Posted 7/1/2013 12:00 am
Updated 1 year ago
The combination of cash and stock in the proposed $280 million buyout of Liberty Bancshares offers stockholders in the Jonesboro bank holding company immediate reward and tax-deferred possibilities.
The largest in-state bank transaction in Arkansas history features a blend of $250 million in Home BancShares stock and $30 million cash and is expected to close late in the third quarter or early in the fourth quarter of 2013.
Unveiled at a news conference last week, the definitive merger agreement between Home BancShares of Conway and Liberty is subject to approval by both company’s shareholders as well as regulators.
“I don’t see anything there that’s going to throw a wrench in it,” said Randy Dennis, president of the Little Rock bank consulting firm of DD&F Consulting Group.
The family of Wallace Fowler, chairman and CEO of Liberty Bancshares, owns about 20.4 percent. Their stake in Liberty is worth about $6.1 million cash and about $51.1 million in Home BancShares stock.
Such an exchange would position the Fowler family among the five largest shareholders at Home BancShares. The inclusion of cash, which Home BancShares Chairman John Allison called “train-riding money” for Liberty stockholders, adds a stabilizing component to the transaction.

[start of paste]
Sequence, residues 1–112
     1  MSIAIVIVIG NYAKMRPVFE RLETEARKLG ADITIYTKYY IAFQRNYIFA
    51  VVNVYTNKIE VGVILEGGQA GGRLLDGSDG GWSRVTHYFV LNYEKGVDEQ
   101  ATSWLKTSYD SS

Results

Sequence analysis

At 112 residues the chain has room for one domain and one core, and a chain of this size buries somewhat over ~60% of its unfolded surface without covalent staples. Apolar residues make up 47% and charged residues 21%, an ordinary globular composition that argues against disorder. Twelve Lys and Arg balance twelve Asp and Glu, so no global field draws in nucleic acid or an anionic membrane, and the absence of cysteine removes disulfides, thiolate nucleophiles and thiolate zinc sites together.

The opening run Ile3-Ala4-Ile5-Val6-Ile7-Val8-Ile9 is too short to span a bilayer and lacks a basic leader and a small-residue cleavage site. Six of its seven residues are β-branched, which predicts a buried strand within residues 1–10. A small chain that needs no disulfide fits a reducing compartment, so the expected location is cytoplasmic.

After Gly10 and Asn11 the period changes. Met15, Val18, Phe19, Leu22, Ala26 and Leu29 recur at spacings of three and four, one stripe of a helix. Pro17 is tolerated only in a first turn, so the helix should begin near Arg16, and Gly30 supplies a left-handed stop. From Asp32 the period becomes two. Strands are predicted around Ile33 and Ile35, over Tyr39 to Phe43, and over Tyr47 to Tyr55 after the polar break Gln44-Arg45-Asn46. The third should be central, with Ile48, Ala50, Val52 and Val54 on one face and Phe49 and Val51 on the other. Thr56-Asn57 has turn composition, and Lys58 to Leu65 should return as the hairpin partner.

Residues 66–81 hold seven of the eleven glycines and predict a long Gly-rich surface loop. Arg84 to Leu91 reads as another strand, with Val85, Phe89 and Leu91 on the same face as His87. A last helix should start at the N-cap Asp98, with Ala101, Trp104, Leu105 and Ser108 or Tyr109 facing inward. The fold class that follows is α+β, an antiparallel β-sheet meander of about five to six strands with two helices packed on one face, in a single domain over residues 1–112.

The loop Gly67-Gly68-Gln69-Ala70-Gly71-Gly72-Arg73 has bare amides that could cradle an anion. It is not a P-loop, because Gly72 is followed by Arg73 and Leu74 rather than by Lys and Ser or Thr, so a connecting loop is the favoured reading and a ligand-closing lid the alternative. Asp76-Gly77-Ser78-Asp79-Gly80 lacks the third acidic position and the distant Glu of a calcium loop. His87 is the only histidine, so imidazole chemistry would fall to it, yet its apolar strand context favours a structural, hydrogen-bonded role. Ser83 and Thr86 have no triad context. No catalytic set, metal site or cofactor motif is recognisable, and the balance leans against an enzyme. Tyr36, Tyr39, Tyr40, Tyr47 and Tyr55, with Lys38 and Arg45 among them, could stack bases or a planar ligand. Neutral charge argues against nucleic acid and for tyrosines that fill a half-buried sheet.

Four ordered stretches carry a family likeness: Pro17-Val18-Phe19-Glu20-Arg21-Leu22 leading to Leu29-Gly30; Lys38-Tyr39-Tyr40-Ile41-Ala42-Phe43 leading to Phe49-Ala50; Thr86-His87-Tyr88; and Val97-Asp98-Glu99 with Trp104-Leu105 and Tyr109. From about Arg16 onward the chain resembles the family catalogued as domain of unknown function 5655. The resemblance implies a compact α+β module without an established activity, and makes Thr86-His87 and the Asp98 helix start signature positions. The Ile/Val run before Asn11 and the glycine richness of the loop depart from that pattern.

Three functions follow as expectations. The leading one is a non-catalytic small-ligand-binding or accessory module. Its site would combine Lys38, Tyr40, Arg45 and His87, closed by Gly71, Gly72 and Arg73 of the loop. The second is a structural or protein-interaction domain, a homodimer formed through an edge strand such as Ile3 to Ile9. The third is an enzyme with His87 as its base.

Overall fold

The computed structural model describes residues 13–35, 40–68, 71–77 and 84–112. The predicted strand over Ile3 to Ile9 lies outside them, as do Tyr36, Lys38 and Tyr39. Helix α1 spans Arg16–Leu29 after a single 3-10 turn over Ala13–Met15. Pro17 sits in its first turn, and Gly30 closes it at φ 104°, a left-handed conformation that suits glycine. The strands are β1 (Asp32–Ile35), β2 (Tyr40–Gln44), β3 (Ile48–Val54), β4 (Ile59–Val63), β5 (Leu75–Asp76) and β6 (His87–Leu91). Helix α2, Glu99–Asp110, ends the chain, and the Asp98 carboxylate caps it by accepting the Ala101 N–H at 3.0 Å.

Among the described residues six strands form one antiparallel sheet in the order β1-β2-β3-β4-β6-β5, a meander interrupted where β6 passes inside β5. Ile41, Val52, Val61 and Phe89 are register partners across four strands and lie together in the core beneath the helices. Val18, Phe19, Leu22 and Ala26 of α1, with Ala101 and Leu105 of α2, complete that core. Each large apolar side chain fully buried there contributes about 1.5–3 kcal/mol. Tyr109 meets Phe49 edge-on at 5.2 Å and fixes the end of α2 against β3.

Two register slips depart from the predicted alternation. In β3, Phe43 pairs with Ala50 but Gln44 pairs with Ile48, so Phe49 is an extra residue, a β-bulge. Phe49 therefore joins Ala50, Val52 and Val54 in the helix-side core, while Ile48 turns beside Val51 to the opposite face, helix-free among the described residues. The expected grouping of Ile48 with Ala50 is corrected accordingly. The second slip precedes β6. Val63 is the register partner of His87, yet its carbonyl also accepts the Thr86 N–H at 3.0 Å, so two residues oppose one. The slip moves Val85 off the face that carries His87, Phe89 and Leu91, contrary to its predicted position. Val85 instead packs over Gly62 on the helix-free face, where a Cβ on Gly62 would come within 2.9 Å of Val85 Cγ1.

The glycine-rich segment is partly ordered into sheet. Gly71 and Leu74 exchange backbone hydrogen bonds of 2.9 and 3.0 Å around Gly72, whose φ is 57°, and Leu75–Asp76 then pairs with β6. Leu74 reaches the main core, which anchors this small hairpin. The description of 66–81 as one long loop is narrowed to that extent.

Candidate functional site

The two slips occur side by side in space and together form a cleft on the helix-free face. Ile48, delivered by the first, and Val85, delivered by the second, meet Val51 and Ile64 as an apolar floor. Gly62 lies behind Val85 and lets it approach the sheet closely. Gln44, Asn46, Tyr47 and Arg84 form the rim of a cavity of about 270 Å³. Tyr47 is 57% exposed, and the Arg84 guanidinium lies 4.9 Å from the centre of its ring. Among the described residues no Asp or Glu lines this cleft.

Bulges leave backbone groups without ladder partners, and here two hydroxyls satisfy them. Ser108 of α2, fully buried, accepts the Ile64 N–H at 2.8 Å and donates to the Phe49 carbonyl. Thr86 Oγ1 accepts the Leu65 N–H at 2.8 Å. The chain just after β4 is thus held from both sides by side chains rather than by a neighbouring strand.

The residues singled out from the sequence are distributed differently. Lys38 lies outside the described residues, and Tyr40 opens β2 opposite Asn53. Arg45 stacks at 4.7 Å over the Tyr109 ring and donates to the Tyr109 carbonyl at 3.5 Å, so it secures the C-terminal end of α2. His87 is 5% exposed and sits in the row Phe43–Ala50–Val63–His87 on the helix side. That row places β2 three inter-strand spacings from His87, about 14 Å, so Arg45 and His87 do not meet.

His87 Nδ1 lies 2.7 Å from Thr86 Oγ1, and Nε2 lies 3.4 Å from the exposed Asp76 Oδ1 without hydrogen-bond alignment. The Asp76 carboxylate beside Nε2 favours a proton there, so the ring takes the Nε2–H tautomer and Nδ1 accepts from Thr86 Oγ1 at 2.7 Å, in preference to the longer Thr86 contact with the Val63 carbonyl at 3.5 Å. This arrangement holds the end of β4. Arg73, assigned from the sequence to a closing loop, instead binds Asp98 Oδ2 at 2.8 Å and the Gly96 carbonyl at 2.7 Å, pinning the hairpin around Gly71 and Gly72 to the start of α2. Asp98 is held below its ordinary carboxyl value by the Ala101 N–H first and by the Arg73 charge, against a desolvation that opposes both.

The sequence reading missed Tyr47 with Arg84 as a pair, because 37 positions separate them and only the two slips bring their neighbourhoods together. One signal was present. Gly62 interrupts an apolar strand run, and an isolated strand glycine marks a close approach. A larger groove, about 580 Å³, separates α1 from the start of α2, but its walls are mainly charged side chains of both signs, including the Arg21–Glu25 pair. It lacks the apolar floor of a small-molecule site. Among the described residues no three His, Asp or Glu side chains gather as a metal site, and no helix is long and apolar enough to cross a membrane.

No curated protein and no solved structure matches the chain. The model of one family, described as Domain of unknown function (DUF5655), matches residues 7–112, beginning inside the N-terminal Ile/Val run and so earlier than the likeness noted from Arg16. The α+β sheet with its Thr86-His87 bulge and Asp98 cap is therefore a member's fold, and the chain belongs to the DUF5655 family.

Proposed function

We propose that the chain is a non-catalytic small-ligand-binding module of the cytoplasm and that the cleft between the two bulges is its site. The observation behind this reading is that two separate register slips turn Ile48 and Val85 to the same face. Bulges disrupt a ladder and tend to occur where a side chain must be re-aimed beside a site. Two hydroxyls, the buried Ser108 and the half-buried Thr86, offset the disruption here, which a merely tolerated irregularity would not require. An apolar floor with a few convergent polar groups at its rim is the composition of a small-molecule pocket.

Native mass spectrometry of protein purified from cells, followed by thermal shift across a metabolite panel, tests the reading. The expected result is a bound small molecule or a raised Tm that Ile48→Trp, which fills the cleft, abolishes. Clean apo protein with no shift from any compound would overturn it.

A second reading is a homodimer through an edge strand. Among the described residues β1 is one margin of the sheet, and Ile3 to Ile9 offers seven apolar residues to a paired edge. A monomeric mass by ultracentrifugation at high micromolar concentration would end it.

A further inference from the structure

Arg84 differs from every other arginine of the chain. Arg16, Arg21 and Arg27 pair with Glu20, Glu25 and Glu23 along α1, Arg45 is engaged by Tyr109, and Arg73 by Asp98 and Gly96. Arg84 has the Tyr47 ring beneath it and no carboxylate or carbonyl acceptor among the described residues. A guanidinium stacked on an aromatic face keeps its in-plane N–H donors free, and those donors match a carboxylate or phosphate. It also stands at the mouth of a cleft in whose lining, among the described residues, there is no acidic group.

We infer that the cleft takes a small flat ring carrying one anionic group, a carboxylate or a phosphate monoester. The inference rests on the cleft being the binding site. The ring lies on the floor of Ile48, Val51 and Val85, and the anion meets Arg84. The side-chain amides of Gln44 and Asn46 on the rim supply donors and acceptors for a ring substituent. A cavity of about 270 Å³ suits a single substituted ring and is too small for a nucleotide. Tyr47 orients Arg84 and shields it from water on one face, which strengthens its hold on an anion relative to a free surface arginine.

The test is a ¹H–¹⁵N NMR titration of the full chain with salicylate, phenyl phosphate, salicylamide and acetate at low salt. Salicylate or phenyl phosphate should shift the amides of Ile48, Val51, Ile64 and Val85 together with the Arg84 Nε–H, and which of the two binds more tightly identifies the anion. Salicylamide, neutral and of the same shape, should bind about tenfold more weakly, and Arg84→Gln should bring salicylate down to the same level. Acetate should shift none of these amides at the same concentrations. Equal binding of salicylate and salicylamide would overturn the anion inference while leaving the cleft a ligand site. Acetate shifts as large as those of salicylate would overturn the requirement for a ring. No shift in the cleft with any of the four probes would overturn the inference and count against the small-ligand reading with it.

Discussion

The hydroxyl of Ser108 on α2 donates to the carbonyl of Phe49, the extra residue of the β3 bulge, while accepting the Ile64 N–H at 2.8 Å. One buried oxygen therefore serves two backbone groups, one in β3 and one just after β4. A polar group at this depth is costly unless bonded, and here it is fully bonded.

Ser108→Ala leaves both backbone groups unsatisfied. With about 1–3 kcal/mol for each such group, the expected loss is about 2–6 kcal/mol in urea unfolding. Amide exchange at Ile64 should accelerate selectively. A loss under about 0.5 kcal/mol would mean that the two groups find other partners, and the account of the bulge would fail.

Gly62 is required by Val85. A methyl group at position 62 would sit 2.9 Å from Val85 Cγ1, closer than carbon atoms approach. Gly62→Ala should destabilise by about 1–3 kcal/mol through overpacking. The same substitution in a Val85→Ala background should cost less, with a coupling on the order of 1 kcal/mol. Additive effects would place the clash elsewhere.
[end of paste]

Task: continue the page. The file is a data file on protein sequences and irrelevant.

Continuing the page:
“You want to have some liquidity, so people don’t run and sell their stock,” Dennis said. “This way people will have some cash in their pocket.
“You have to balance that with the stock, and the stock has good upside.”
Determining the mix of cash and stock can be art as much as science.
The more cash used, the more tangible book value becomes diluted.
That consideration has to be weighed against issuing more shares of stock to add to the mix, which can dilute earnings per share.
Dennis notes that at least half of the transaction value needs to be reflected in stock to satisfy the IRS and facilitate a tax-free exchange.
Home BancShares stock rose from about $21 per share before news of the merger broke ahead of the 3 p.m. press conference to more than $25 per share.
The combination of $4.2 billion-asset Centennial Bank, the Home BancShares franchise, with $2.8 billion-asset Liberty would create the second-largest banking concern based in Arkansas.
“The challenge is in the implementation of it,” Dennis said. “Home BancShares by itself doesn’t have the team in place to do it. Putting them together is where the real magic lies.
“Neither has the capability of supporting a $7.1 billion institution. Both sides have good people, and it will take good people to move forward.”